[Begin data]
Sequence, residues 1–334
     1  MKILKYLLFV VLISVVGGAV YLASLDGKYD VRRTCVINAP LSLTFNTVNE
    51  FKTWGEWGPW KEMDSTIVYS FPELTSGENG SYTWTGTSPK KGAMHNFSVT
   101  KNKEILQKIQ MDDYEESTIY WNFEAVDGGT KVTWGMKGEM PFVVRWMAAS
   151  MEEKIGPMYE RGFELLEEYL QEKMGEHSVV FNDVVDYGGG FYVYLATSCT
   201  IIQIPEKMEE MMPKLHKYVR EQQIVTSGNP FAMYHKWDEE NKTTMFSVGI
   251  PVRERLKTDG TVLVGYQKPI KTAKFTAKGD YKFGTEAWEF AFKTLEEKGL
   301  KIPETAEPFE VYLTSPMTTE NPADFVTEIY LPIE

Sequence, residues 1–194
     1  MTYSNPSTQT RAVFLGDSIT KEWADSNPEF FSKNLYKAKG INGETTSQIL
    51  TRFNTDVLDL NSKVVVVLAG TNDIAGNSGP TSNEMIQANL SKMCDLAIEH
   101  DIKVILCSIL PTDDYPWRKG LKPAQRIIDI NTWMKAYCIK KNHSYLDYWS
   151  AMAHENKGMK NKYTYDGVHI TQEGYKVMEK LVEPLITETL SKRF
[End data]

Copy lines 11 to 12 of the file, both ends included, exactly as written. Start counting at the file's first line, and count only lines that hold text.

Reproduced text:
    51  TRFNTDVLDL NSKVVVVLAG TNDIAGNSGP TSNEMIQANL SKMCDLAIEH
   101  DIKVILCSIL PTDDYPWRKG LKPAQRIIDI NTWMKAYCIK KNHSYLDYWS